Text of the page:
The Phantasma Tarot is an exquisite sequel to the Spiritsong Tarot by Paulina Fae Cassidy. Mythical creatures are your spirit guides through a world of phantasmic daydreams. The deck took four years to complete, and is the artist’s fourth tarot deck creation.
Fae’s art convinces you that these fantastical, magical worlds exist. The lines and coloring are ethereal, and if I had to peg them to one of the four elements– airy. While the deck follows the RWS, Fae also incorporates a lot of her own mythical symbolism. For instance, the dragon in the Strength card.
Working with the Phantasma Tarot is like reading a book of fairytales. Whimsical and charming, yet with just enough eeriness and mystery to keep you on your toes, the artwork also calls to mind Lisa Hunt’s FairyTale Tarot.
Here’s a close-up of the Justice card, one of my favorite cards in a tarot deck. Per the guidebook: “Seeing through illusions, the owl of justice exposes truth in its purest form. She weighs both sides of an issue equally.” The core message of Key XI: “With every action is a response. Be what you want to manifest.”
These exquisite paintings and the high level of detail remind me of the Shadowscapes Tarot. The guidebook included with the deck is fantastic, by the way. It’s great for beginners, with a comprehensive paragraph delving into the card’s meaning, the key message to take away from the card, keywords, the reversed message, and reversed keywords.
The Djinn in place of the tarot Devil card might be construed as a bit of a mischaracterization of djinn, but the reasoning offered in the guidebook is that Key XV in this deck– The Devil card– is associated with a trickster energy. Here, the tarot archetype of Key XV is presented as a “clever and mischievous teacher in disguise . . . Through such teachings, he unearths avant-garde realizations.”
There is an unexpected spookiness to this deck, which I really love. Like those beautiful, ornately painted porcelain dolls that are delicate and yet you’re convinced are haunted.
Fae’s paintings remind me of those Pre-Raphaelite paintings featuring fairies and mythical woodland creatures.
There are some noticeable William Blake and Edward Robert Hughes influences, albeit less color saturation.
Rather than go the common route of showing one prominent relic from the respective suit for the Aces, i.e., one Grail-like cup in the Ace of Cups, or a center-focused giant sword in the Ace of Swords, animal symbolism is used. Here in the Ace of Cups, it’s the peacock. Below you’ll see in the Ace of Swords it’s a unicorn.
Phantasma Tarot is premised on mythical creatures while Paulina’s earlier deck the Spiritsong Tarot focused on animal spirits, and where Spiritsong had no human figures, Phantasma does feel populated. Her distinct art style in both are immediately recognizable– the works feel almost as if they’ve faded from overexposure to the sun.
That is such a beautiful Six of Pentacles. The corresponding entry in the guidebook reads: “The trees communicate through a network of signals, and their collective spirits shine. Permeating with the power of universal love, their earth energy attracts and supports life all around them.” The message of this card: “You will grow from the experience of sharing your wisdom and gifts with others.”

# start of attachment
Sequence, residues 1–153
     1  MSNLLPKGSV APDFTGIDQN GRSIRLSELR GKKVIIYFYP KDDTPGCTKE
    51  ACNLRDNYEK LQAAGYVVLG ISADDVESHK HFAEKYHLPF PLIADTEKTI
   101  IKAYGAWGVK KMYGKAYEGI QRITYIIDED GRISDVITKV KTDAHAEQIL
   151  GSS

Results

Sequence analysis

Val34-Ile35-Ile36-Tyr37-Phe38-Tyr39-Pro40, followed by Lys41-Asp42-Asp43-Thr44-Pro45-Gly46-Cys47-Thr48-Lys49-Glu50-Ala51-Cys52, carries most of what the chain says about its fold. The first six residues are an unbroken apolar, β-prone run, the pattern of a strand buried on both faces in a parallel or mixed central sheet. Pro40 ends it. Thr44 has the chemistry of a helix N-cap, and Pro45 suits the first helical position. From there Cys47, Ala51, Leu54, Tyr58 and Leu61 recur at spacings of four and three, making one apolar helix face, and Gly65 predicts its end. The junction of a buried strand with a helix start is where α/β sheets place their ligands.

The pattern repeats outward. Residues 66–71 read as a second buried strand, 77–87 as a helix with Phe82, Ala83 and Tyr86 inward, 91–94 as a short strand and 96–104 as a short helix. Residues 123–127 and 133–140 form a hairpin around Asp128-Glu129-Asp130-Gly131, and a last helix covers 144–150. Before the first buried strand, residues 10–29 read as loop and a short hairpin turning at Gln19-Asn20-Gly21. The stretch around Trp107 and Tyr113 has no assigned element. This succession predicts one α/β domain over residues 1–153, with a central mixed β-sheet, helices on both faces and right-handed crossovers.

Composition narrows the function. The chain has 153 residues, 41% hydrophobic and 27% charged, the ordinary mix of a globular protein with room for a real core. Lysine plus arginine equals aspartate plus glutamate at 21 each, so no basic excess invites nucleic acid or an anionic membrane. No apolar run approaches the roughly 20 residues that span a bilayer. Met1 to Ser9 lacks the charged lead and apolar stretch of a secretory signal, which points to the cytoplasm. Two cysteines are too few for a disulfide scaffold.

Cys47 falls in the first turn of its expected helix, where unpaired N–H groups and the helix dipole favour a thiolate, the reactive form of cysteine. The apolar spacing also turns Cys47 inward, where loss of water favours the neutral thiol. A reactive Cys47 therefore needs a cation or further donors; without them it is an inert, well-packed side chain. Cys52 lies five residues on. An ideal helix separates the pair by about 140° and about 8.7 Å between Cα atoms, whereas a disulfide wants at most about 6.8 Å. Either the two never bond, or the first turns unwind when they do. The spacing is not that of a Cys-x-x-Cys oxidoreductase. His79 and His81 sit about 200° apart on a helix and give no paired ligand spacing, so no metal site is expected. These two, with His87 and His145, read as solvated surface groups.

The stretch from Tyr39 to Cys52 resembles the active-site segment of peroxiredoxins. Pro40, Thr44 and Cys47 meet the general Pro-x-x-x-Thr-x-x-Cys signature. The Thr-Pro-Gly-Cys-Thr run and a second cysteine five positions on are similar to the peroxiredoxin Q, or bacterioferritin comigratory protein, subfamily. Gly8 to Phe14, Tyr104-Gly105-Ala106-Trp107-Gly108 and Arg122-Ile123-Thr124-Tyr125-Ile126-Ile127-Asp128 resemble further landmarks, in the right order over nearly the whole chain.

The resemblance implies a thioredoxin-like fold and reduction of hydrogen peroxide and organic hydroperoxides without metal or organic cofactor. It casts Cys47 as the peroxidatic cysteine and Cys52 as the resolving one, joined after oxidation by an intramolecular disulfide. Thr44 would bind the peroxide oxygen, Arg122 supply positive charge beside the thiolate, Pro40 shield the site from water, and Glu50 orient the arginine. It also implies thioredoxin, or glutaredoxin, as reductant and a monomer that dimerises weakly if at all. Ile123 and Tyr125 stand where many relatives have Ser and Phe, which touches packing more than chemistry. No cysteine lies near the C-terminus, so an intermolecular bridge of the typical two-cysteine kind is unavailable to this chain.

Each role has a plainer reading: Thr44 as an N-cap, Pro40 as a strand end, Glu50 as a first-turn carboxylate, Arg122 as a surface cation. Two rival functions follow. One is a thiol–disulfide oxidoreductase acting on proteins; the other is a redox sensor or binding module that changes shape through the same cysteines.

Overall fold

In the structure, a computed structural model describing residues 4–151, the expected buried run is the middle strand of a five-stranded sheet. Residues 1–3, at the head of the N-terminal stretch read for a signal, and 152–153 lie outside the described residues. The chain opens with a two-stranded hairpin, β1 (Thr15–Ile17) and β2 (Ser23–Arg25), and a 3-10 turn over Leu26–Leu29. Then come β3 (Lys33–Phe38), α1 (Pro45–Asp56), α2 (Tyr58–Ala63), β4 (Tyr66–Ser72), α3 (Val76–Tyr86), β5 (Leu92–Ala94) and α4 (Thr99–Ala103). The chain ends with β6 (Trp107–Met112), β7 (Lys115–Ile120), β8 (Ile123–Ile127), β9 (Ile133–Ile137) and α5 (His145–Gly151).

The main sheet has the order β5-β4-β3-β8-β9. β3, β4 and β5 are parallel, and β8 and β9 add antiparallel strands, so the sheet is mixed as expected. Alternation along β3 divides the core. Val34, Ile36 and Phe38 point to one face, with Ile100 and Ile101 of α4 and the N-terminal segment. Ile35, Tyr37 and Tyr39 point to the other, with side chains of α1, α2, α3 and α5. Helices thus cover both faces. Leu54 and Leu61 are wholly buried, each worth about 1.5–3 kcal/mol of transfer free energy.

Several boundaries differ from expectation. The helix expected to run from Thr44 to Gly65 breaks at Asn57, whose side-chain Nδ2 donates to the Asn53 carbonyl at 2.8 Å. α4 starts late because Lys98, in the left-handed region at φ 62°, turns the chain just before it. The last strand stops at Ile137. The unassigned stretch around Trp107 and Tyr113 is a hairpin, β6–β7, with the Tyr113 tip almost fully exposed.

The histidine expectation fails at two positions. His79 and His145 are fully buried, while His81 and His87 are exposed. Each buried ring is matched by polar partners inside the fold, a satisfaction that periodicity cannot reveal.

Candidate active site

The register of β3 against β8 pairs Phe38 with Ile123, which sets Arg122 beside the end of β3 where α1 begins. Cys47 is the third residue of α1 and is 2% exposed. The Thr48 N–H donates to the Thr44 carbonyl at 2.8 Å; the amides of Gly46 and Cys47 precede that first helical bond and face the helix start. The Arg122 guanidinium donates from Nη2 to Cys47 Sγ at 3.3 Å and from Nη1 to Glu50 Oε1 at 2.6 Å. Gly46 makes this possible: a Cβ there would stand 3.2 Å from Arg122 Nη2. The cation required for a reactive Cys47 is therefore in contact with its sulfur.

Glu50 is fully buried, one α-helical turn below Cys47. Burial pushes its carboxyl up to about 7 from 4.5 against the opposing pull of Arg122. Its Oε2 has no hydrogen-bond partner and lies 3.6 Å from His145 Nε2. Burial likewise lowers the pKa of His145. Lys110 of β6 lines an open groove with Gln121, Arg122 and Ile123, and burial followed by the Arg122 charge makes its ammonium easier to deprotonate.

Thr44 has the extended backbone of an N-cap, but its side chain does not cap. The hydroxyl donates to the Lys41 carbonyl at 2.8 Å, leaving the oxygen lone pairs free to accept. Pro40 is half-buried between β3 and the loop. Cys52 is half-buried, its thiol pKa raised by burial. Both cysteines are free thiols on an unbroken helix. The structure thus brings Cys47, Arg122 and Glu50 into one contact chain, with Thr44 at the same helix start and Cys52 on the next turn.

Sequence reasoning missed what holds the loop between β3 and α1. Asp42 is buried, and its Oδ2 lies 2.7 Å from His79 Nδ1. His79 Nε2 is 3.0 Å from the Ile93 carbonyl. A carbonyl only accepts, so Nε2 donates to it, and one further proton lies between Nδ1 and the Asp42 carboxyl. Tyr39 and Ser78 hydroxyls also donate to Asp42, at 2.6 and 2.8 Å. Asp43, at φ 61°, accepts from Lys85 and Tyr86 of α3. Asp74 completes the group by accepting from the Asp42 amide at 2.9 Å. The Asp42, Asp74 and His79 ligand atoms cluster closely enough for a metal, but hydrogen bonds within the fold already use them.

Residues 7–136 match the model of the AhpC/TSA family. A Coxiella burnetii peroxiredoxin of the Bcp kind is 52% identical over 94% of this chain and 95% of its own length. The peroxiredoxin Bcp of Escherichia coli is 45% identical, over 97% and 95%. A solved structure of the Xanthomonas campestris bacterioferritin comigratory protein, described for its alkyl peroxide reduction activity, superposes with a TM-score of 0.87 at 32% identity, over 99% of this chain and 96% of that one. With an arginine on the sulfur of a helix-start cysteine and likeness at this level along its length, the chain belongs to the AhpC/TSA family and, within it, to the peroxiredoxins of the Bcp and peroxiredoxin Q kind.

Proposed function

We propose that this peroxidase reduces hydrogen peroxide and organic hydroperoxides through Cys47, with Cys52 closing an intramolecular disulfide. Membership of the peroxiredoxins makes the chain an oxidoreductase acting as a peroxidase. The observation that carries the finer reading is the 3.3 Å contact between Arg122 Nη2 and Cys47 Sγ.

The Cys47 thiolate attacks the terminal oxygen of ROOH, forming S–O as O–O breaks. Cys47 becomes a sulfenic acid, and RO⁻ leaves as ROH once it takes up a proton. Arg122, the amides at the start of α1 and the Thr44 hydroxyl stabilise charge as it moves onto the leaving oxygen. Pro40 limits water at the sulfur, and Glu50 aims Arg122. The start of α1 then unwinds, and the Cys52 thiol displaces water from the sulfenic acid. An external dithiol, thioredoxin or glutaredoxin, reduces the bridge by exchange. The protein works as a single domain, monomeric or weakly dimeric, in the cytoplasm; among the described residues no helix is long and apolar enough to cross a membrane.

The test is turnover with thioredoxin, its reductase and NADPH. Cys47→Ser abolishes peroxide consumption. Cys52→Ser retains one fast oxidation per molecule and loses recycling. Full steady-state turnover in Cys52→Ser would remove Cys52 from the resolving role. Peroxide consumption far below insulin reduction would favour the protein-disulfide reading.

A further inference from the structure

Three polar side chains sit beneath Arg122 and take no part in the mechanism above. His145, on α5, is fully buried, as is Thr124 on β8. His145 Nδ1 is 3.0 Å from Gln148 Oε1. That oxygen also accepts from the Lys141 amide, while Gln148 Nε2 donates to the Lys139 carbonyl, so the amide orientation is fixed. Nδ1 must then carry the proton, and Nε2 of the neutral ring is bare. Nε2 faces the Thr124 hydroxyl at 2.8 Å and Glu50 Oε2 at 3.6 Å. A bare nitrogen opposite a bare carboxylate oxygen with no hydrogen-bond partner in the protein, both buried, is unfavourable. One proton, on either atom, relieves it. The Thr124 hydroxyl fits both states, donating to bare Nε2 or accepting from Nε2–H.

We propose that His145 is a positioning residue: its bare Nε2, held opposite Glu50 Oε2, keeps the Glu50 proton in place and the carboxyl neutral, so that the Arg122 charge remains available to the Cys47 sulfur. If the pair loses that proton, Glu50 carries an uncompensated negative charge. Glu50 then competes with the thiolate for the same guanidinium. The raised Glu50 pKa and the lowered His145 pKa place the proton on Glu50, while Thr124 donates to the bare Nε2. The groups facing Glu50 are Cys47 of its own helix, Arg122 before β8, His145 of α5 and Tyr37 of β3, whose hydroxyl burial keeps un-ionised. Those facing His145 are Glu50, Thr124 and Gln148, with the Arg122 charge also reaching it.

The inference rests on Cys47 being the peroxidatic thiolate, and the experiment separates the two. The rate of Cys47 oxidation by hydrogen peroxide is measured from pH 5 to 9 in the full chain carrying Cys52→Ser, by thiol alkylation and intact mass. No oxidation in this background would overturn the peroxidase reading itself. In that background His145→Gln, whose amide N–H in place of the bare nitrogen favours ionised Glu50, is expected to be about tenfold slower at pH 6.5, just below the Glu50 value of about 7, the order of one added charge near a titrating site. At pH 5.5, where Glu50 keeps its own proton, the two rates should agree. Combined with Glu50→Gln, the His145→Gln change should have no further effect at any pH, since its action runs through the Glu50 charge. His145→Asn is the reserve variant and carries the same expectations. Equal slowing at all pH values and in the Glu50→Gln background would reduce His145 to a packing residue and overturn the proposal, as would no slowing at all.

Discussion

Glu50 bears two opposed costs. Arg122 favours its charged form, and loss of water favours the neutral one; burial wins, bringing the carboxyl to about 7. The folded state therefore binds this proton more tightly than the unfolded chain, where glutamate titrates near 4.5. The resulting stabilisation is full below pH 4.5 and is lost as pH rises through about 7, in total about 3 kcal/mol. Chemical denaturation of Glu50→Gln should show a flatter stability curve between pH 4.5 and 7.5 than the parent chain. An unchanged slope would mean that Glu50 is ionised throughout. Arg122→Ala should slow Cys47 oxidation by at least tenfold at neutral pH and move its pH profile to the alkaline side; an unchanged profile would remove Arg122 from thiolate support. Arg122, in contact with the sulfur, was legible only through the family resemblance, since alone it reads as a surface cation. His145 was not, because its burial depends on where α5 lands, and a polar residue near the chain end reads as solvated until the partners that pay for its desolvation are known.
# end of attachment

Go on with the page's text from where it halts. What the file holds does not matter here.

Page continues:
Say you pulled the Ten of Cups in a reading and you’re a total tarot beginner. The first thing to do is to sit for a moment with the imagery. What does it evoke in you? Here, I see a kindred family of foxes. I feel contentment. Now look up the meaning in the guidebook:
“Happiness radiates from the foxes’ hearts. They’ve reaped the rewards for their past hard work, and they have everything they need. They’ve established solid connections with one another, and the security of home brings peace.”
The takeaway message from this card: “The uplifting energy you radiate will benefit those around you. Great things are being set in motion.”
I also love how this deck is intended to be read with reversals. So, for instance, if the Ten of Cups appears in reverse, the message here is about redirecting your energy and making sure you’re not neglecting your own needs. In other words, self-care is needed.
Phantasma Tarot is a tame, gentle, and rather tender divination deck. It’s suitable for children, for the sensitive, and for beginners who might still be feeling intimidated by the concept of tarot.
Cards are given a positive spin and inspire optimism. If you pull a card like the Five of Cups, for instance, the message is “Regardless of how bad things may seem, there’s always a silver lining.” Reversed, the Five of Cups means, “The clearing away of an old and difficult situation makes way for something better.”
Nine of Swords? “Evaluate what’s contributing to your anxiety, and remember that you have control over how you respond to situations.” Reversed: “Enduring a stressful situation will make you stronger.” Ten of Swords: “Do not allow present circumstances to sabotage your future happiness. There’s a solution to every problem.” Reversed Ten of Swords: “You’ll weather the storm, and you are reaching a turning point. The only way to go is up.”
In my mind I’ve always associated the word “phantasm” with more horror, gothic, haunting, and macabre vibes, so for me, funny enough, the deck name was something I had to work around.
So I am pleasantly surprised that Phantasma Tarot is a “hug” deck (a term coined by the greater tarot community at large). A hug deck is a tarot deck you reach for when you’re feeling really vulnerable and sensitive, and just need a hug from Spirit. That’s the Phantasma Tarot.
FTC Disclosure: In accordance with Title 16 of the U.S. Code of Federal Regulations Part 255, “Guides Concerning Use of Endorsements and Testimonials in Advertising,” I received the deck and books set from the publisher for prospective review. Everything I’ve said here is sincere and accurately reflects my opinion of the deck.